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About Revo Foods

  • Founders: Theresa Rothenbücher, Robin Simsa, and Manuel Lachmayr
  • Founded in: 2021
  • Employees: 25
  • Money raised: A total of 3 million euros via the Greenstart program from Impact Hub Vienna; Austrian Research Promotion Agency (FFG), Vienna Business Agency;
  • Ultimate goal: To produce a kind of plant-based fish that has never been available before.

Theresa Rothenbücher and Robin Simsa met in a doctoral program under the Horizon 2020 European research program. They came up with the idea for Revo Foods while exploring 3D printing on a biomedical scale. After graduating in the summer of 2020, they considered how to make a deceptively real plant-based fish substitute themselves. Essentially, the process used in biomedicine is suitable for 3D food printing. But it was still necessary to adapt certain components. Together with co-founder Manuel Lachmayr, a proven 3D expert, they were able to overcome this hurdle. With him, they managed to print vegetable salmon that is indistinguishable from real salmon in terms of sensory perception. Here is co-founder Robin Simsa in an interview with Innovation Origins:

The 3 founders of Revo: Manual Lachmayr, Robin Simsa and Theresa Rothenbücher
The team (from left): Manual Lachmayr, Robin Simsa and Theresa Rothenbücher (c) Revo Foods

What problem does your plant-based fish substitute from the 3D printer solve?

Our biggest motivation is to change the way food is produced to help the climate and preserve biodiversity. Pigs or cattle are bred specifically for food production. Fish, on the other hand, are often caught in the wild and we could be one of the last generations to experience this abundance of fish. With Revo Foods, we want to counteract the further intensification of fishing. People should be able to eat what they love without compromising the balance of the ecosystem. Plant-based fish substitutes are a solution that is already possible at the moment and offer a great taste experience.

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What was the biggest obstacle you had to overcome?

The most difficult thing is to change consumer attitudes. Meatless products have not yet become mainstream. On the one hand, there are vegans who don’t miss the sensory perception of real fish, and on the other hand, there are the meat-eaters who don’t want an alternative. We want to convince the skeptics with the high quality of our products. And we also hope that the negative effects of aquaculture and overfishing will be recognized.

What was the technical challenge?

We had to adapt the 3D-printing process to our requirements. Printing biomedical products has different requirements than 3D food printing. For this, we brought Manuel Lachmayr onto the team. He is a recognized 3D expert and was previously president of the Austrian Association for 3D Printing. With his expertise, we were able to master the adjustments within our own team.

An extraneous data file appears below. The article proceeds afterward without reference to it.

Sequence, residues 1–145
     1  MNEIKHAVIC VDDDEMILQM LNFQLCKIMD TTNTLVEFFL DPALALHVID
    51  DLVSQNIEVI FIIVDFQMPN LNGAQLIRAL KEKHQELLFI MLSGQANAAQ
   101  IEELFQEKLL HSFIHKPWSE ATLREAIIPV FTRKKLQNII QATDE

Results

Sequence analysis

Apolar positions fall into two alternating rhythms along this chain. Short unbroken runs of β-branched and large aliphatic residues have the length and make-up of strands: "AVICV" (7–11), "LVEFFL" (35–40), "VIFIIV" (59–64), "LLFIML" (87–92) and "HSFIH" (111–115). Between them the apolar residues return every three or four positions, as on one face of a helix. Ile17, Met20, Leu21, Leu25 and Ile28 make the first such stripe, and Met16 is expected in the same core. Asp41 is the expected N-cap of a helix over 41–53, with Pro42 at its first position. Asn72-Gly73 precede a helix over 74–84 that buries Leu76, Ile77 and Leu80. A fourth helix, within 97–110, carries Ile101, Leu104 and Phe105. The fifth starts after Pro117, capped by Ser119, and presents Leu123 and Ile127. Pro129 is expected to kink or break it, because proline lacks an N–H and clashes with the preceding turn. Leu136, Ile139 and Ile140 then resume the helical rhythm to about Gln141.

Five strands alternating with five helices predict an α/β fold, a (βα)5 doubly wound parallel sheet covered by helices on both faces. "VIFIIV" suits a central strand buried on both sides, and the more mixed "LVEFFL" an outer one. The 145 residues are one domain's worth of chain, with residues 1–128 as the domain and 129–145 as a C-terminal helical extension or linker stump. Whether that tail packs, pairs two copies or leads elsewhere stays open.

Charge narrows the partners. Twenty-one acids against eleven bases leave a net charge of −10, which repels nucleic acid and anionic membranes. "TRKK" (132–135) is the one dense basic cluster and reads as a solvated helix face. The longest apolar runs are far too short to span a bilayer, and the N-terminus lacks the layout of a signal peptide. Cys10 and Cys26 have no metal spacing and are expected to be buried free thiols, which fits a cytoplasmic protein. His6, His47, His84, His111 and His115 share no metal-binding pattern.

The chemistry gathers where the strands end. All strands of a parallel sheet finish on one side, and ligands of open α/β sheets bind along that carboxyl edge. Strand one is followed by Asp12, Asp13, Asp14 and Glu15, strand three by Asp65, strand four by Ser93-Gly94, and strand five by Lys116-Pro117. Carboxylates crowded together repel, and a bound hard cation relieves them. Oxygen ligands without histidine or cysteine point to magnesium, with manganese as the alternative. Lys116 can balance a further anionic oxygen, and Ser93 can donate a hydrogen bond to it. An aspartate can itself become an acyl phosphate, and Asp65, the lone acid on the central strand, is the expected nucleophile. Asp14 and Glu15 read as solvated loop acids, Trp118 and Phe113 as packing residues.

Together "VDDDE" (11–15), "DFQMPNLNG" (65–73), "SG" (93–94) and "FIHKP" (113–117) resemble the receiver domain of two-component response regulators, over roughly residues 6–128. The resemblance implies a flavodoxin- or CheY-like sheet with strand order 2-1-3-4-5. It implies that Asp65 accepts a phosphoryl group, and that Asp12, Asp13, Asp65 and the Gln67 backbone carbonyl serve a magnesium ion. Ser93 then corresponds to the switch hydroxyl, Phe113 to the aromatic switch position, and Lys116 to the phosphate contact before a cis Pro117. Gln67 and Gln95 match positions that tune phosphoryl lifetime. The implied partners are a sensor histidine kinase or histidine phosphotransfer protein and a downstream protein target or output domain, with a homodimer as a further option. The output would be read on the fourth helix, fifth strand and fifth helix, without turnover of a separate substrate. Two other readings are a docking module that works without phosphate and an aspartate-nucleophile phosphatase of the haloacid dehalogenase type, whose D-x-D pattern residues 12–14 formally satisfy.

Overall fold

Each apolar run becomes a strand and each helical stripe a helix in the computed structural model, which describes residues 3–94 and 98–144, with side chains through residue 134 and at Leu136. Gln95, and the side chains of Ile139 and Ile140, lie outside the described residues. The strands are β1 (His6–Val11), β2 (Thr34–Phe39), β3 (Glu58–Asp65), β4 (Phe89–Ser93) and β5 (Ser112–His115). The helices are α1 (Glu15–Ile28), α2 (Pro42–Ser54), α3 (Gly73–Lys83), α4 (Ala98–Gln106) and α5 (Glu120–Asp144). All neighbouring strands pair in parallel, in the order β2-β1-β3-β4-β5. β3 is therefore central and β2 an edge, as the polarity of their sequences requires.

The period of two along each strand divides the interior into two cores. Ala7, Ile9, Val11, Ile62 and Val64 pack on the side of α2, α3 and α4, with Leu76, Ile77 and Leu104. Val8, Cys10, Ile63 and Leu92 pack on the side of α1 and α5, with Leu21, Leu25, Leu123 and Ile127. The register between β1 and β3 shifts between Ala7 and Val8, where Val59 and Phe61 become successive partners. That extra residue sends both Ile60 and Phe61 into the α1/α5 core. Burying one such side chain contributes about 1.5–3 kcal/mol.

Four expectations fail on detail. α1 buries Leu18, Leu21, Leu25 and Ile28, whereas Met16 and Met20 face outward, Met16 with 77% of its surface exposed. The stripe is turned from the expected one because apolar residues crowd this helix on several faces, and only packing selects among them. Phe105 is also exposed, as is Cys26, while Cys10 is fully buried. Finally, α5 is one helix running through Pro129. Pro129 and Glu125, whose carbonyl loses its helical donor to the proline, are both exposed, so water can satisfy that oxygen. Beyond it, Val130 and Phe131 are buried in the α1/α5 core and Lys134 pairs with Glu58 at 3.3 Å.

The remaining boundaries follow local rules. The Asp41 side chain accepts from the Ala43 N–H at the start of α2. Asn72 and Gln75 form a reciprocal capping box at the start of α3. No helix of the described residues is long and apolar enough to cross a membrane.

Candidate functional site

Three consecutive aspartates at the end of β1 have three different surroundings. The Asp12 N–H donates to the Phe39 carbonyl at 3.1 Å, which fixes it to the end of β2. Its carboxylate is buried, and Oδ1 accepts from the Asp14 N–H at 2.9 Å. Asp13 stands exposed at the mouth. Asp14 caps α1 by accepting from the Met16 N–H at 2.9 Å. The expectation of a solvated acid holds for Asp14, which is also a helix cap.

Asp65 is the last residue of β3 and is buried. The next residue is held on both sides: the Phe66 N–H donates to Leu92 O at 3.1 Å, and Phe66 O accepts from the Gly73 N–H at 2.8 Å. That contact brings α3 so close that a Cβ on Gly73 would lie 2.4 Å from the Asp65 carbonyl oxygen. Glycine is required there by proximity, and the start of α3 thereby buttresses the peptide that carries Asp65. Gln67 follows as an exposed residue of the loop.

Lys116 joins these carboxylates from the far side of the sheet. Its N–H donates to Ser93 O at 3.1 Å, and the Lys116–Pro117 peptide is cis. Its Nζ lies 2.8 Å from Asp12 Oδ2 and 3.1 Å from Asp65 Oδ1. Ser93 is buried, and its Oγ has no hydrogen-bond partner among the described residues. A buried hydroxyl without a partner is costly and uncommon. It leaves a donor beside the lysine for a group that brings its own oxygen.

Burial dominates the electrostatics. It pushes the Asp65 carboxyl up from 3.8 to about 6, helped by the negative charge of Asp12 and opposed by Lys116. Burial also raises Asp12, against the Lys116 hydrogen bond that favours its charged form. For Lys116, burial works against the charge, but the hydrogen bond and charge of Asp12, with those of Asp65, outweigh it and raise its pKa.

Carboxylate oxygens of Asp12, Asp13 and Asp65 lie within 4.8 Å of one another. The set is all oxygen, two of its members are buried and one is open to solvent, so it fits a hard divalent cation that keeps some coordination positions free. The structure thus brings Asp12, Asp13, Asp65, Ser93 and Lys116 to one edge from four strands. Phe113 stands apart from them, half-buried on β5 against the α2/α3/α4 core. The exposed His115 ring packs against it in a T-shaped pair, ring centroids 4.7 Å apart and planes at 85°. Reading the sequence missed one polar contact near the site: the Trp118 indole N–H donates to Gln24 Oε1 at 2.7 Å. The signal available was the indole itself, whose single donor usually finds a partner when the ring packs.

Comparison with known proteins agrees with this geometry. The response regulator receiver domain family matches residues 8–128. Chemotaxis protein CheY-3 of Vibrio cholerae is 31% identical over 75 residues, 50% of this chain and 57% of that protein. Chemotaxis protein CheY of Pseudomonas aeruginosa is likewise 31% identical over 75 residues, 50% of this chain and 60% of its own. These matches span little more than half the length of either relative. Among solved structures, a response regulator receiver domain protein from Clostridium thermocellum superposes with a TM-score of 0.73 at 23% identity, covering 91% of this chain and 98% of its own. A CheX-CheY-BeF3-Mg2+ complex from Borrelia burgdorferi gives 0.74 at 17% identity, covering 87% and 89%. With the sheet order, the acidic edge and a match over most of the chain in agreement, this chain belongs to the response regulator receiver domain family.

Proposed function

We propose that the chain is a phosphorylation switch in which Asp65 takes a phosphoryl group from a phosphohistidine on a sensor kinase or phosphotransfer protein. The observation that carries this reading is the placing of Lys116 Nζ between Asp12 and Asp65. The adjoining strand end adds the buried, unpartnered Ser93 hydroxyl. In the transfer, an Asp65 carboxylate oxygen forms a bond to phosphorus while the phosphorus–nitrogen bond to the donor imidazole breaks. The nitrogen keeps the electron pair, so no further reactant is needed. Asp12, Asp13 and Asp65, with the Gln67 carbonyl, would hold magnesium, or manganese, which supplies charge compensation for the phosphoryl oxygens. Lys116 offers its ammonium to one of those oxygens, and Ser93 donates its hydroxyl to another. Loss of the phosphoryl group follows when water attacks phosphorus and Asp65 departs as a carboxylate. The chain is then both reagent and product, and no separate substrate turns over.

Slice of bread with 3D-printed vegetable substitute smoked salmon
Plant-based fish substitute (c) Revo Foods.

What does your plant-based fish substitute consist of?

Our first product is an alternative to smoked salmon consisting of high-quality plant-based ingredients: pea protein, algae extracts and vegetable oils. We source the ingredients regionally whenever possible, with 80 percent coming from Austria. The remaining 20 percent is almost entirely grown in the European Union. Like real smoked salmon, our product is ready to eat and must be stored in a cool place. It tastes best on bread, pasta or pizza – just like its fish counterpart.

How did you secure financing?

We were confident that we could raise funding because interested investors approached us early on. In the meantime, we have successfully completed two investment rounds and raised three million euros, including public funding. Now we are going into the third round.

What achievements are you most proud of?

One of the best moments was when we printed our first prototype, seeing that Revo Foods is not just a concept, but something that can be implemented. It was still a lot of work before we had a marketable product, but we did it.

The successful launch of our first product in Austrian and German grocery stores was also a great experience. Within the first month, our smoked salmon became one of the most sought-after products in the meat alternatives category and was soon sold out.

What are your medium-term goals?

At the moment we are in the expansion phase. Our first product is already available in Austria, Germany, Spain and Denmark and soon also in the UK. We are also constantly conducting research and development on new products. Currently, this is a plant-based fish substitute in the form of smoked salmon spread. We are also thinking about a plant-based alternative to sushi sashimi.

We also work with different technologies. Our first goal is to bring delicious vegetarian fish alternatives to the market and if necessary, develop the technologies to do so. This is always with the hope that the market will grow and industrial fishing will shrink.

How does your 3D-printed fish substitute differ from existing products?

This is a completely new product that is no different in sensory perception from a salmon filet. This was not available on the market before. The current range of plant-based fish substitutes consists of products without texture, such as fish sticks or canned tuna. Also, when it comes to nutritional values, there is hardly any product that comes as close to smoked salmon – especially in omega 3 and protein values. Initial customer reactions also confirm that our product really does taste a lot like natural smoked salmon.